Two steps forward, one step back

Chez Lenox, not to be confused in any way or to the slightest degree with Lenin, whose typically deranged pamphlet, One step forward, two steps back, is here. Comrade Vladimir doesn’t address our particular theme, but those interested in the recent roots of Iberian politics may inspect with interest the mud he throws in the great bitchfight ‘Over whether it was enough to stipulate in the programme the equality of all citizens irrespective of sex, etc., and language, or whether it was necessary to stipulate “freedom of language”, or “equality of languages”.’ My pamphlet for today: Screwing with language is fun as long as it’s a matter for private enterprise, but things are apt to end in tears when the state starts poking its oar.

Similar posts

  • Two views of progress
    Italy vs England.
  • Languages and clouds
    (Sad hippy post.) Everyone gets prizes here, and they’ve given sociolinguist Irene Lozano one for lamenting in Lenguas en guerra (Languages
  • More thrilling Barcelona police action
    In the communal hallway two Moroccans are hard at work extracting objects of value from a rucksack–they’ve got a mobile, cash,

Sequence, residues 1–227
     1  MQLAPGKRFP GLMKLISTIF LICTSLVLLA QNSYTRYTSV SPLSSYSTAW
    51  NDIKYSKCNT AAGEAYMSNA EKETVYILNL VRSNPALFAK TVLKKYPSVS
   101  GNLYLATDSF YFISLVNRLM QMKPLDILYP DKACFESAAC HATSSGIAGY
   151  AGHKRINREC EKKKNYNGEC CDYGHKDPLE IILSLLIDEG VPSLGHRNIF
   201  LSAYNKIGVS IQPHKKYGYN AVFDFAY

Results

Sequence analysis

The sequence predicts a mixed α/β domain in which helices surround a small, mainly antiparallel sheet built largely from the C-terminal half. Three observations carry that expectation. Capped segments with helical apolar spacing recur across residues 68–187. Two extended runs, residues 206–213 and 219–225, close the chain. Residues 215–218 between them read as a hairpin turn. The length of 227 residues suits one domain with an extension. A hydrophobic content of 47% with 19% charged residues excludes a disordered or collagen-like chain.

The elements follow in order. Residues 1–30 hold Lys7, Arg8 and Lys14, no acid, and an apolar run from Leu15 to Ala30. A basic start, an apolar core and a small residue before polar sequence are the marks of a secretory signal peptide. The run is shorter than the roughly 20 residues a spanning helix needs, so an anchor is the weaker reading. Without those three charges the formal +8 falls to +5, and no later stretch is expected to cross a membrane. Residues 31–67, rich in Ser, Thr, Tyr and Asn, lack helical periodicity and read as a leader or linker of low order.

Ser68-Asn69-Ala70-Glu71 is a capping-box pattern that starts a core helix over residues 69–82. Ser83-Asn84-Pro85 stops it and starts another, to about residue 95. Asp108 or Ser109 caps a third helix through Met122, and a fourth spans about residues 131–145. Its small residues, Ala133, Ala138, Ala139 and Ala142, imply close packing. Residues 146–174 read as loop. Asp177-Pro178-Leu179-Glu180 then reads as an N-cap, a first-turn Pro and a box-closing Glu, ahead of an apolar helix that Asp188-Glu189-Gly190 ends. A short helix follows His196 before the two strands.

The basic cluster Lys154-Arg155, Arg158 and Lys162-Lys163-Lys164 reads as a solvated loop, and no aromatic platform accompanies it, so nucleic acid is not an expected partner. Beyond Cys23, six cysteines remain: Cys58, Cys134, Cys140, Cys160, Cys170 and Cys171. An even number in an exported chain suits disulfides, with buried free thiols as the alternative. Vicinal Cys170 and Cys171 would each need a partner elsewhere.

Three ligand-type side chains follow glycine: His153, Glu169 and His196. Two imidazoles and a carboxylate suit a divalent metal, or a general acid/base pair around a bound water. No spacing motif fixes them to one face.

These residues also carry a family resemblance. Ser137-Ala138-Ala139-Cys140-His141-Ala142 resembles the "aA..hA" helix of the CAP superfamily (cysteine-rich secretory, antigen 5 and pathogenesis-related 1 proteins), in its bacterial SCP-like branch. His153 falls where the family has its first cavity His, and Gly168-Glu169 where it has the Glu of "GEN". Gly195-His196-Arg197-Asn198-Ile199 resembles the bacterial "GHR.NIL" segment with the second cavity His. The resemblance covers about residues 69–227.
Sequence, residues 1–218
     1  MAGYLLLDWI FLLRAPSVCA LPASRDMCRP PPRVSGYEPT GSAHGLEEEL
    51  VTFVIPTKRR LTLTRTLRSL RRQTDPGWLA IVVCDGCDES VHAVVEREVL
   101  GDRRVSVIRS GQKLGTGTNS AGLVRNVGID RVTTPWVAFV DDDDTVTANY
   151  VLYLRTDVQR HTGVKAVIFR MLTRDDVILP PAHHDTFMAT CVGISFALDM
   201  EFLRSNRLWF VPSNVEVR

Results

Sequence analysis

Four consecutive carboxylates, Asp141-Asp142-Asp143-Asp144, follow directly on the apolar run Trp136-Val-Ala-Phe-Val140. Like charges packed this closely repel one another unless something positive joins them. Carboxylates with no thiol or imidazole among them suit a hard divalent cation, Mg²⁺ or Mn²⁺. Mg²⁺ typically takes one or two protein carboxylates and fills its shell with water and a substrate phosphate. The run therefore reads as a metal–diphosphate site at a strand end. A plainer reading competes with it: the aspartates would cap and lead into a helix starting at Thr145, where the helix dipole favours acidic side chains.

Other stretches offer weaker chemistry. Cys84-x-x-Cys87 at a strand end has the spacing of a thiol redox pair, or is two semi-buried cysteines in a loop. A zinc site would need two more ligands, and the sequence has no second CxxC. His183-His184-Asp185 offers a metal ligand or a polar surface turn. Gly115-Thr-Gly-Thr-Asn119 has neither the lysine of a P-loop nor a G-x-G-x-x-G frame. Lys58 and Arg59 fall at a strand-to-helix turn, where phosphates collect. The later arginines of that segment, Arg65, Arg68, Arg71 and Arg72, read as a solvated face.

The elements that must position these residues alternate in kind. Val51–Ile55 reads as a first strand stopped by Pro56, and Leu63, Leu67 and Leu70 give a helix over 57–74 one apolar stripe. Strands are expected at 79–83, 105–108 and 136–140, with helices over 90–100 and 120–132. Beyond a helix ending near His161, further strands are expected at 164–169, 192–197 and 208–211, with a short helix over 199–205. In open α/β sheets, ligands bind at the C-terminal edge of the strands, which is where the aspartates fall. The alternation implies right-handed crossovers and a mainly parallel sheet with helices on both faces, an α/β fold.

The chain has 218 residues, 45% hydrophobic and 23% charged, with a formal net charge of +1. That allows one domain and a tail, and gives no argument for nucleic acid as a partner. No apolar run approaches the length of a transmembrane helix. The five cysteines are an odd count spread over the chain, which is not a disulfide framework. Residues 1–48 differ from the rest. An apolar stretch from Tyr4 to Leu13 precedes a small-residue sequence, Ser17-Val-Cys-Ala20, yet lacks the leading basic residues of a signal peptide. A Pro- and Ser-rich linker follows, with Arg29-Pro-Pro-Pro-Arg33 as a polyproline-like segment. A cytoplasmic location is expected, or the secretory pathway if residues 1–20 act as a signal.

• Graves in Galician
    Carlos Ferrera notes the bizarre preoccupations of Galician nationalist and regional deputy, Bieito Lobeira: If some catastrophe were to occur today that
  • Castilla y León -> Catalunya
    Our sands may be shifting more than we thought: Google Translate thinks (< Carlos Ferrero) that Castile and León in Spanish
Published
Last updated 18/01/2013

Barcelona (1401):

English language (462):

Föcked Translation (414): I posted to a light-hearted blog called Fucked Translation over on Blogger from 2007 to 2016, when I was often in Barcelona. Its original subtitle was "What happens when Spanish institutions and businesses give translation contracts to relatives or to some guy in a bar who once went to London and only charges 0.05€/word." I never actually did much Spanish-English translation (most of my work is from Dutch, French and German) but I was intrigued and amused by the hubristic Spanish belief, then common, that nepotism and quality went hand in hand, and by the nemeses that inevitably followed.

Spain (1882):

Spanish language (503):

Translation (788):


Comments

Your email address will not be published. Required fields are marked *